Nation states are the most stable pillars of international polity and structure. This consistency complicates the matter of the separation of a sovereign nation and the legalities behind this. Such situations occur very rarely, and are often considered to be very arbitrary. Two controversial cases of separation were seen in the 21st century: Kosovo and Crimea.
Kosovo officially became an independent state on 17th February 2008, after a declaration of independence was adopted. This came after nearly a decade of repression from the Serbs. The Kosovo Albanians faced horrific crimes due to the difference in ethnicity. After much struggle and a foreign intervention from NATO, Kosovo gained their freedom.
Crimea was annexed by the Russian Federation following a controversial and discredited referendum on 16th March 2014. It is alleged by many Western powers that the referendum results were falsified and the referendum itself took place under duress, but no proof or evidence has been provided for the same. To justify the Russian military intervention in the inherently local Euromaidan Revolution and the events after that, President Vladimir Putin gave a 45-minute long speech in the Moscow Kremlin. There, he addressed the topic of the referendum, the illegitimacy of the sitting Ukrainian government and most importantly, the Kosovo precedent.
Russia has used the independence of Kosovo as a legal and diplomatic precedent justifying their actions in Crimea. Although at first glance the two cases may seem similar, the similarities are vastly superficial. In the following part of the article, we shall see how fundamentally wrong their argument is.
Firstly, the Kosovo people faced harsh repression and ethnic cleansing from the sovereign state they broke away from and announced independence. On the other hand, the Crimean people faced no such situations as many international investigations have said so. As a matter of fact, Crimean indigenous people; the Crimean Tattars; had historically faced a genocide at the hand of USSR and Josef Stalin, the parent nation and ideology of the present-day Russian Federation.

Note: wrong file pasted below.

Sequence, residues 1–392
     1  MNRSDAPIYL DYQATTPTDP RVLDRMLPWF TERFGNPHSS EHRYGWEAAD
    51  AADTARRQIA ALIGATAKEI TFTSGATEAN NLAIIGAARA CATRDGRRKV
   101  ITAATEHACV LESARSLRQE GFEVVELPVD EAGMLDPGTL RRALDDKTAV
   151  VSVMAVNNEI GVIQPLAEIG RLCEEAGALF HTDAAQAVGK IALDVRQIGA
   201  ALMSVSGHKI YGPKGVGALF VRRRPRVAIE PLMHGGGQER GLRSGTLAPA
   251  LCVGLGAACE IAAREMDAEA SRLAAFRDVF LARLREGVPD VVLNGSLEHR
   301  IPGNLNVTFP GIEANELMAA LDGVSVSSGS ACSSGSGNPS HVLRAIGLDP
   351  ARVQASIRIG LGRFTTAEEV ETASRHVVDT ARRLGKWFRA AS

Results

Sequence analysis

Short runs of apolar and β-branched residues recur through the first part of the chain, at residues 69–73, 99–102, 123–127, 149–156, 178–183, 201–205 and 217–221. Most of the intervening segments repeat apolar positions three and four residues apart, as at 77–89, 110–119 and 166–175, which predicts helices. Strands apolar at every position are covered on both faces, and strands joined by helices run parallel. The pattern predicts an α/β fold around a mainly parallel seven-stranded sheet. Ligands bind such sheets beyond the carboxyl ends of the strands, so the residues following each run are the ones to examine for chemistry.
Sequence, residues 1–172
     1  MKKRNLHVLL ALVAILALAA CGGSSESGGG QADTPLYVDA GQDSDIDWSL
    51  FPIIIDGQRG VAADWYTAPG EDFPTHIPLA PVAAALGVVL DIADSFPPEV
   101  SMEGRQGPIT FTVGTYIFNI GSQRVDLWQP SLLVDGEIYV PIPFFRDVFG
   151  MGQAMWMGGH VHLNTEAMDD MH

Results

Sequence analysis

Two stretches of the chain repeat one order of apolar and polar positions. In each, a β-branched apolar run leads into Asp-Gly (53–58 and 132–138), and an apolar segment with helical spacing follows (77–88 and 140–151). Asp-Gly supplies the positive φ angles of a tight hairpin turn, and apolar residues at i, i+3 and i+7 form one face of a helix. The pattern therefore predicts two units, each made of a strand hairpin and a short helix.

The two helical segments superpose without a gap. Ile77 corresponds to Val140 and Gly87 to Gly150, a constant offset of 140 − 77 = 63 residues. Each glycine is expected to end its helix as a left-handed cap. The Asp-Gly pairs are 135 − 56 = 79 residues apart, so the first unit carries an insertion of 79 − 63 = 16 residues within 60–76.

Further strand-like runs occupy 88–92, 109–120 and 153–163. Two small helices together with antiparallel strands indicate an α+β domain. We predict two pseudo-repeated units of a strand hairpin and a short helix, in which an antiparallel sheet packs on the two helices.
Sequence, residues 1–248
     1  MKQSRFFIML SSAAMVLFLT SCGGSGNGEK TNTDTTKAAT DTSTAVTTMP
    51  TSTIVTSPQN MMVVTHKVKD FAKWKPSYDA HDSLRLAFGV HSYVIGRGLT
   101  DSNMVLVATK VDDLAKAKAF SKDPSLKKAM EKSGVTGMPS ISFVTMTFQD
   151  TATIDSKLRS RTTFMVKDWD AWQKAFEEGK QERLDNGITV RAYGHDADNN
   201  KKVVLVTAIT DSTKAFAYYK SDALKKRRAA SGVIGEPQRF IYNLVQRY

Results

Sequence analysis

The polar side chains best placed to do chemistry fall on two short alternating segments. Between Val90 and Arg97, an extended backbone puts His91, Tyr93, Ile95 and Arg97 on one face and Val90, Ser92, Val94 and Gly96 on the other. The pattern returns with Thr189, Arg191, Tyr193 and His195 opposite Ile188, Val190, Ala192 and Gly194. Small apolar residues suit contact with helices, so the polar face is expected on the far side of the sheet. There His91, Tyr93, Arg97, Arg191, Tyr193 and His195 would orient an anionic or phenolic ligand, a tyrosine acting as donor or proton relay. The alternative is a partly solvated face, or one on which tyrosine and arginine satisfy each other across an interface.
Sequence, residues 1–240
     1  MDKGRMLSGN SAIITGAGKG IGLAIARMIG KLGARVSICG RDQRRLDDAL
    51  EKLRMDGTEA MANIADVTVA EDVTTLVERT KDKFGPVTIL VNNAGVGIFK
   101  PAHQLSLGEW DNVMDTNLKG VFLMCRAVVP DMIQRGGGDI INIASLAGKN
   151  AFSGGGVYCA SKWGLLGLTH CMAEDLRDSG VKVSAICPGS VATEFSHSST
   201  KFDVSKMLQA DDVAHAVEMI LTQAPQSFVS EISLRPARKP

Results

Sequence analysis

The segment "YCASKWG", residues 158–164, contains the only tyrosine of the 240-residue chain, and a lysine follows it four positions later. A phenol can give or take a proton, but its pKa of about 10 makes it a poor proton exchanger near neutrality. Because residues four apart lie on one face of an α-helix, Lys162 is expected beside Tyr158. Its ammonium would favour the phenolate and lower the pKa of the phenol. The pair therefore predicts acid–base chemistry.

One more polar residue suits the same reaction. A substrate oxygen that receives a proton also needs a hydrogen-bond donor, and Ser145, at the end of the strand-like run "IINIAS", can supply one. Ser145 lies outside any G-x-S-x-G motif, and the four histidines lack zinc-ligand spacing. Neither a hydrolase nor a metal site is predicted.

Secondly, Kosovo had long shown their interest in independence from Serbian-Yugoslav hegemony. In fact, in a referendum in 1991, a whooping 99% of the people supported an independent nation for Kosovo. On the contrary, before 22nd February 2014 (the day when Ukrainian President Yanukovych left for Russia, creating a power vacuum), no political party or entity explicitly advocated accession of Crimea to Russia.
Next, the Russian armed intervention in Crimea (the so-called Russo-Ukrainian War) was illegitimate and arbitrary. Their justification was the alleged humanitarian crisis faced by the Russian minority in Crimea, but this was debunked by many further investigations. Whereas, in Kosovo, the NATO-led Kosovo Force intervened in the internal matters to prevent any further crimes against the humanity on the name of ethnicity.
Also, the Russian intervention in Crimea and the subsequent annexation goes against the jus cogens principle of no use of force and non-intervention as is mentioned under the Article 2(4) of the UN Charter.
For a secession of an area to be legal, the International Court of Justice verdict on the question of Quebec and 2 SCR 217 verdict of the Supreme Court of Canada lays down five necessary conditions. Unfortunately for Russia and for Putin, the case of Crimea meets none. Just for perspective, the Kosovo Declaration of Independence meets three of the five mentioned conditions. Thus, the Crimean referendum and secession is proved to be an illegal secession.
Even after such situations, we must understand that nation-states and their sovereignty cannot be undermined. Using flawed precedents under different conditions to justify such heinous actions is quite an embarrassment for an administration on the international forum. To conclude, nation-states are still the pillars of the international structure, and the aforementioned logic and legalities must be kept in mind before taking any decisions.